A Taste of Urbanspace’s tenants bring new dishes to Tysons Galleria

The eateries in the shopping center are bringing a modern take to mall food.

Photo by Rey Lopez

It’s still a mall. You know that song that plays in the beginning of Clueless, “But we are young, we run green” (“Alright” by Supergrass)? It’s blasting in this gargantuan food court. Lots of people tap on laptops, zone out on phones, not exactly the image of scrunchies and Timberland boots from decades past. But then again, this is Tysons Galleria, and one must walk past guards at Gucci to find a slice of pizza.

And the pizza at Andy’s is great, simple, easy, New York-style slices behind a glass: cheese, white with ricotta, pepperoni, mushroom. Crispy bottoms and glistening, just-right greasy tops.

When Isabella Eatery shuttered nine months after its opening in November 2017—the closing was a part of the demise, Chapter 11 bankruptcy to be specific, of all Mike Isabella Concepts restaurants in DC, Maryland and Virginia—it wasn’t long until the New York-based Urbanspace christened it as A Taste of Urbanspace.

The first tenant announced: Stomping Ground. It was as if Nicole Jones were trolling Isabella, whose takedown stemmed from a sexual harassment lawsuit. “It’s just kinda funny,” Jones said about the second location of her cafe and biscuit shop, “that a queer woman is taking over the first space that you come into at the Isabella Eatery, and I’m sure it wasn’t by accident.”

In the mall, Stomping Ground loses the quirky appeal of its original Del Ray home, but in Tysons it takes on a different persona. There’s a shadowy glow from the huge wall of windows at the entrance and the back wall jam-packed with what seems like a football field of faux greenery, shrubbery and the like. Inherited from Isabella Eatery, the entire space, plastic plants included, is more or less the same, save for Urbanspace’s larger-than-life black-and-white illustrated character stickers plastered around the perimeter. “They’re good for selfies,” says Jones, scanning the hall.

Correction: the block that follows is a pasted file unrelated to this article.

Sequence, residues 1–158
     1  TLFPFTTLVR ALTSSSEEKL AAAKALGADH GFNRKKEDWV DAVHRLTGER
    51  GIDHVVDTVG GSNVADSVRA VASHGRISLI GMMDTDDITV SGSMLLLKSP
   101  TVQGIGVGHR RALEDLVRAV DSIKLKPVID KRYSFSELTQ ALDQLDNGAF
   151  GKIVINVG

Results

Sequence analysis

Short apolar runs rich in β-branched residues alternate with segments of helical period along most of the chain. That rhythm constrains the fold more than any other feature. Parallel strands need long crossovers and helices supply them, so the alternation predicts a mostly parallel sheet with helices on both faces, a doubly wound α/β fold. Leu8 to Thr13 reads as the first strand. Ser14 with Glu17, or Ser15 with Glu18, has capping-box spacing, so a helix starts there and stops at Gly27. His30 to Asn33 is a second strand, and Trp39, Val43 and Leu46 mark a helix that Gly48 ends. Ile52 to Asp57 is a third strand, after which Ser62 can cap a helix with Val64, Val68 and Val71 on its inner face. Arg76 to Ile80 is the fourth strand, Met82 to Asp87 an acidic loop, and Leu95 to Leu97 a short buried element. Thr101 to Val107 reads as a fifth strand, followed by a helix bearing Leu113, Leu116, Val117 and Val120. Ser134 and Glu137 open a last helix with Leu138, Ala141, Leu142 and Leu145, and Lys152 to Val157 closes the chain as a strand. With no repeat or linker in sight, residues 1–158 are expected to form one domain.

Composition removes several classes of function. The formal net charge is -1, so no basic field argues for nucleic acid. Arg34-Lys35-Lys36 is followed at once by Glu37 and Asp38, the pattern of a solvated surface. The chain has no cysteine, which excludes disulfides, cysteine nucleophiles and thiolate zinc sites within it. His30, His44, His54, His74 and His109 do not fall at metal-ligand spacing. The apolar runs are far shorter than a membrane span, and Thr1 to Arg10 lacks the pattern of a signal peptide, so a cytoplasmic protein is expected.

Stomping Ground’s food is just as good: silky cappuccinos from local roasters Rare Bird and Lost Sock, crisp-tender oatmeal cookies with a thick cream sandwiched between and biscuits more reminiscent of Mama’s kitchen than what used to be served as food court grub. The food is approachable (egg salad in to-go tubs), and exactly how we eat today: a hash starring farro, parsnips and a poached egg; a green salad with roasted chicken and a harissa vinaigrette; and Southern bites: fried chicken, grits and pimento cheese.
If grain bowls and third wave coffee are a step into modern mall territory, Donburi and Sen Khao shatter the legacy of Taco Bell and Cinnabon.

Crispy rice salad at Sen Khao (Photo by Rey Lopez)

An offshoot of the DC-based shop, Donburi is an introduction to Japanese rice bowls and curries. There’s gleaming, fresh raw fish over rice, panko-crusted proteins and a particularly fetching tofu version: cut into long, thin squares, crunchy on the outside and downright luscious in the middle, a tofu built to convert haters.

The gem in this food court is Seng Luangrath’s Sen Khao. Lao food has officially arrived. When Luangrath took over Bangkok Golden in Falls Church, she kept the menu Thai. She slowly added Lao dishes, from off-menu options, to a secret menu, to now, front and center and reflected in the name change of the restaurant: Padaek, a fermented fish sauce essential to Lao cuisine.

Luangrath has since opened a Lao-only restaurant in DC, Thip Khao, and is now bringing her cult-hit crispy rice salad to the masses at Tysons Galleria. Served in a bowl lined with romaine leaves, the crunchy rice plays with peanuts, pork, leafy herbs and shows off a whole lot of bright, zingy flavors. It’s a must order in the Luangrath canon, and a way to on-ramp to the vivid experience of Lao food.

The menu is compact, but varied: curry puffs that are doughy and a drop sweet, and a boon to bite on throughout the meal if things get fiery later on; a spicy lemongrass pork sausage, made in-house, with pockets of silky fat, served with rice and a cucumber salad; and a seemingly simple chicken noodle soup with thick udon noodles in an aromatic broth garnished with cilantro, fried shallots and chili oil.

Across the hall is America’s favorite dessert, ice cream, of course. And the flavors from Ice Cream Jubilee: Thai iced tea, cardamom amaretto and Earl Grey lavender, of course. // Tysons Galleria: 2001 International Drive, McLean; Open for breakfast, lunch and dinner

This was originally published in our March issue. Subscribe to the print magazine here to get it delivered to your mailbox every month.

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